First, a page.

be provided by private donAion or
even by assessment of members. The
plan gives better satisfaction than a
system of straight rewards, because It
arouses more enthusiasm and costs
less. A rat and sparrow club In Eng
land In three seasons secured the de
structlon of 16,000 rats and 28,000
sparrows by an expenditure of less
than $30 In prize money. Had ordi
nary bounties been paid, the same
work would have cost $1,000 or $1,200.
Co-operation Needed.
In the matter of rat infestation,
small towns are intermediate between
farm and city. They show a marked
increase of rodents in winter and a
decrease when spring opens. Yet the
outlying parts of a villnge are peculiar
ly subject to losses of poultry during
the summer. Pigeon lofts, also, in
smnll towns are subject to raids by
rats, and the toll of eggs and young
squabs is often heavy. Rats can
climb flne-meshetl netting and gain en
trance to the pigeon yard at the top
where the birds themselves enter.
Repression in Villages.
The measures recommended for re
pressing rats on farms will apply to
villages, but co-operation of citizens
m
*
Badger—Useful in Destroying Noxious
Rodents.
ta destroy the rodents will usually be
more readily obtained. Often the
small town has a civic club which
could take up rat work whenever its
Importance is presented. It requires
only an intelligent and persistent lead
er to set the machinery for rat repres
sion in motion. The leader should
provide for the instruction of the com
munity ns to the best methods of trap
ping, sanitation, rat-proofing buildings,
and other measures needed to discour
age the rodent. An appeal to civic
pride will often bring excellent re
sults In cleaning up premises and in
replacing wooden walks or porches, di
lapidated buildings, or other harbors
for rats.
RIGHT CARE OF DAIRY COWS
Expensive Practice to Permit Animals
to Get in Run-Down Condition
as Pastures Wane.
(Prepared by the United States Depart
ment of Agriculture.)
As pastures begin to wane It Is often
the custom to permit the cows to get in
a run-down condition. This Is an ex
pensive practice. As the pastures give
out begin to increuse other feeds so ns
to keep the milk flow constnnt. Prepa
rations should also be made to shelter
the nniinnls from cold rains, sleet and
snow. More energy Is consumed in
maintaining the body heat of the nni
innl exposed to severe weather than
is utilized in the production of milk
and butter.
HEAVES IS COMMON AILMENT
Annoying Disease of Horse Interferes
With Usefulness of Animal and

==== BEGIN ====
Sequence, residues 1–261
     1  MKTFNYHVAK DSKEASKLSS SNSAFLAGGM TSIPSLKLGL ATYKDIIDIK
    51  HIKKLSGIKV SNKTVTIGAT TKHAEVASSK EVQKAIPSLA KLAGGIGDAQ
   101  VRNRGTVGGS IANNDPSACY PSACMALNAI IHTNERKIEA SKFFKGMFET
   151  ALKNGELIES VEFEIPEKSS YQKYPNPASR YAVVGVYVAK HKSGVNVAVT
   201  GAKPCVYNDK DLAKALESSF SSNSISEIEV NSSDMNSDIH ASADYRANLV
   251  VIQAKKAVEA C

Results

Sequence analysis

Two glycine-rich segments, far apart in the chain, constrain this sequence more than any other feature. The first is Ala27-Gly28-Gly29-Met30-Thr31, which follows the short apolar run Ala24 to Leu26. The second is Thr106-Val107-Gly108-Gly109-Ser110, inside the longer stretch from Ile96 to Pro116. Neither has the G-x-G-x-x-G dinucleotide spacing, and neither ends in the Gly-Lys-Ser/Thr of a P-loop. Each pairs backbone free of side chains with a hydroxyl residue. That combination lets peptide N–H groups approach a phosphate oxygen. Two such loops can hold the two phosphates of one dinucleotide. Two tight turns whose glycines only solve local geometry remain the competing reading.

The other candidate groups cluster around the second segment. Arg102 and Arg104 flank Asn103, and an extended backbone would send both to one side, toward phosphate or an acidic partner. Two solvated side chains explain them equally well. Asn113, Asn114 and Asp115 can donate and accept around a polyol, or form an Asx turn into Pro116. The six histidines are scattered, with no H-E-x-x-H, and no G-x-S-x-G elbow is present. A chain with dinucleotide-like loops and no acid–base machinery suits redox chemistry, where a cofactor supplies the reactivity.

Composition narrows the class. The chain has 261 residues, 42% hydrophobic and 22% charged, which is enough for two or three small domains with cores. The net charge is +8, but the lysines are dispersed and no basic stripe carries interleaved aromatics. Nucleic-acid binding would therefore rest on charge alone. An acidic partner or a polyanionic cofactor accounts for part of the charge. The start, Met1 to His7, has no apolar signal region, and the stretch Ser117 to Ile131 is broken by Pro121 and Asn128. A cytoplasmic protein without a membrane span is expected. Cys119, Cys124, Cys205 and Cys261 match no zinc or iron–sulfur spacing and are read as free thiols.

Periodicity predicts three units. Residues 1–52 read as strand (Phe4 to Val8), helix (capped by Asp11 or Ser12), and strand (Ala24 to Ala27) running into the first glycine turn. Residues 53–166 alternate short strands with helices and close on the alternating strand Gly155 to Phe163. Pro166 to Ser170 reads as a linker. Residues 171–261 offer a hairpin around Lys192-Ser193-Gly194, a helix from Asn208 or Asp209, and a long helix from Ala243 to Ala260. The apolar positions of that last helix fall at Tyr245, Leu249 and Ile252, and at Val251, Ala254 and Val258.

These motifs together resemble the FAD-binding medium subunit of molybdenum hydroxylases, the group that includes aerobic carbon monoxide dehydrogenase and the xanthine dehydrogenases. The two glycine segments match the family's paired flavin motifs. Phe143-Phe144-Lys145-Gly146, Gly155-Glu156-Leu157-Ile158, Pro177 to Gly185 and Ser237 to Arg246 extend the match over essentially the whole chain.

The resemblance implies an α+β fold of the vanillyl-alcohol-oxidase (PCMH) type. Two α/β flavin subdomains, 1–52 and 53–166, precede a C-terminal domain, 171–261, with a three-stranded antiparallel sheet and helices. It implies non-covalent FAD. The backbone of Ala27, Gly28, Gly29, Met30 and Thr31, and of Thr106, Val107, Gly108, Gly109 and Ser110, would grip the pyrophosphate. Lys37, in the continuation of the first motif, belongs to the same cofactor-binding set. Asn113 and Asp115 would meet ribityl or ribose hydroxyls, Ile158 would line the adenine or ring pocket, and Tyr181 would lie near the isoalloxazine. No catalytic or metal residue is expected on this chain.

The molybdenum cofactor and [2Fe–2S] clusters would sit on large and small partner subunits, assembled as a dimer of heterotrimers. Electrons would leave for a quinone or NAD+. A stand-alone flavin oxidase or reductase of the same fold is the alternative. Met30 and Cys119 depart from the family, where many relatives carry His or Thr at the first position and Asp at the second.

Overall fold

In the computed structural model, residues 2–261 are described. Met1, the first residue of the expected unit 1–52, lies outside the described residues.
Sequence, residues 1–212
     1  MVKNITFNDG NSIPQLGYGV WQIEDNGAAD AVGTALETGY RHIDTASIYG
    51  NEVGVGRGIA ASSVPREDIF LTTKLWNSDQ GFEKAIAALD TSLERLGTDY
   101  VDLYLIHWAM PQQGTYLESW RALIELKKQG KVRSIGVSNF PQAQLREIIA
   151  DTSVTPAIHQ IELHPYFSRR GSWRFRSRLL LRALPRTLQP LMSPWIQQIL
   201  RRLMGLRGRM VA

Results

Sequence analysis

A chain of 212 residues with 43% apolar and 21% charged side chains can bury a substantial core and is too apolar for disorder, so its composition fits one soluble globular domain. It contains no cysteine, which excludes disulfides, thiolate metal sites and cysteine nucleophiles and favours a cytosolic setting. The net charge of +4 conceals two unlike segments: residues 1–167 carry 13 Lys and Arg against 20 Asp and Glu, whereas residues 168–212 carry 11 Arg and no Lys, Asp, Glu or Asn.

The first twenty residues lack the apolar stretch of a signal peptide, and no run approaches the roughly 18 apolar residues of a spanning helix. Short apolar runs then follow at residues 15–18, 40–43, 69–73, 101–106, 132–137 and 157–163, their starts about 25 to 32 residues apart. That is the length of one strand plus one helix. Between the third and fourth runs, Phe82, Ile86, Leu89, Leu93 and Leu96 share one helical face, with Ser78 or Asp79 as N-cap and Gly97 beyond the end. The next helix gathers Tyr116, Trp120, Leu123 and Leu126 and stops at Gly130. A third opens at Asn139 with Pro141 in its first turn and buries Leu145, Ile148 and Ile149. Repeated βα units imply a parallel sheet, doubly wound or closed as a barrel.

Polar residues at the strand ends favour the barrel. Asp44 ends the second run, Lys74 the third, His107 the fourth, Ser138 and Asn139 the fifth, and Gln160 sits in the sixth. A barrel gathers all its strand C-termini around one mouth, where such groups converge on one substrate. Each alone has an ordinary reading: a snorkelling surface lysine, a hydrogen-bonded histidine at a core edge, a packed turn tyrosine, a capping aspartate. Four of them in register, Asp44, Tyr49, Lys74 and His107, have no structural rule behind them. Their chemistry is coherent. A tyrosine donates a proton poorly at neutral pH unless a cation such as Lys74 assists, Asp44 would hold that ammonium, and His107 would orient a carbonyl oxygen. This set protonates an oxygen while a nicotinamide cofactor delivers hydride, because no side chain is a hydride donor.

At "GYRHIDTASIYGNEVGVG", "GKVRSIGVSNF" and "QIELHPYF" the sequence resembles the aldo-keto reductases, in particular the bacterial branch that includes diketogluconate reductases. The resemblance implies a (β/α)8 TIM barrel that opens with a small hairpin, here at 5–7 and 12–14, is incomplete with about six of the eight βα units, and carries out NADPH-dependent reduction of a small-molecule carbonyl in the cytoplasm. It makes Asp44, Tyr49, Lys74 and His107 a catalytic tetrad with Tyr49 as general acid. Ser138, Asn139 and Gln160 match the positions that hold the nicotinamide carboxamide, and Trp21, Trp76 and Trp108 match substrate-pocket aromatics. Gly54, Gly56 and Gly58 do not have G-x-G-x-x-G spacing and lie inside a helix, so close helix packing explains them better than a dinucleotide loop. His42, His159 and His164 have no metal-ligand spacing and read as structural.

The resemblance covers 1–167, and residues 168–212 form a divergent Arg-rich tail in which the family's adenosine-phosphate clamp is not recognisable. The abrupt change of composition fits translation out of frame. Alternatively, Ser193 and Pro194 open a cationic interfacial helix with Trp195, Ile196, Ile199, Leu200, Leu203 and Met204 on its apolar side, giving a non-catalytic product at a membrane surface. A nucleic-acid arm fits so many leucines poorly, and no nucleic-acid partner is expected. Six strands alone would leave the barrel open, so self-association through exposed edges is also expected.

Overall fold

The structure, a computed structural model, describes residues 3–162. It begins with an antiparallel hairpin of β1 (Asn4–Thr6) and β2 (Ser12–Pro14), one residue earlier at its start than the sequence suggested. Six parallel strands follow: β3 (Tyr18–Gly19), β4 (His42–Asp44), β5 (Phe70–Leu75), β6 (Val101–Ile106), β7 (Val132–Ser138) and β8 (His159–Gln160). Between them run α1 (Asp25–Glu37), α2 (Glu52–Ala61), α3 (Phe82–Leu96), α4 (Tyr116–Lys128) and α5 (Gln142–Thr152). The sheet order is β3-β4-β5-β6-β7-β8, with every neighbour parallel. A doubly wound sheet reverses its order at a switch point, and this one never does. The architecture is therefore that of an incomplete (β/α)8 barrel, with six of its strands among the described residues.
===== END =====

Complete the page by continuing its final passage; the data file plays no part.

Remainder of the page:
Detracts From Value.
Heaves is a very common and an
noying disease of horses, interfering
seriously with the usefulness of the
animal, and consequently detracting
from its value. Mainly n disease >of
old horses, it is essentially the result
of faulty feeding and working, espe
cially hard pulling or fust driving when
the stomach Ib overloaded. Gross
feeders are frequently subjects of
heaves. _
Optimistic Thought.
Keep good coinpuny a d you'll be of
them.
OUTLOOK DUBIOUS FOR AUTO
Roads Cannot 8tand Wear and Tear
They Are Being Subjected To
by Heavy Trucks.
With the shortage of labor for road
making and the more genernl use of
the roads for heavy hauling, it is like
ly that the roads as they exist will
not be able to withstand the hard
usage, and the outlook Is dubious for
the automobile. Many industrial com
panies are making use of fleets of
trucks to deliver their goods, instead
of subjecting themselves to the uncer
tainties of the railroad service and
the wear and tear on the roads thus
made use of is more than they can
take care of. This, more than ever,
makes it evident that there should be
some very decided reforms made in
the matter of road building. The
makeshift repairs which have hereto
fore been made are not now sufficient,
and ail new road building work should
be made on the most substantial lines.
—Chicago Journal.
Dependence on Good Roads.
Every farmer should feel his de
pendence upon good roads. Whether
or not one lives on a public highway
he should take an interest in the
nearest one to his farm or the road
he must use to market his farm, or
chard and garden products.
Roads Not Properly Built.
To say that the roads are bad be
cause motortrucks have been passing
over them is simply a confession that
the roads are not properly built and
maintained.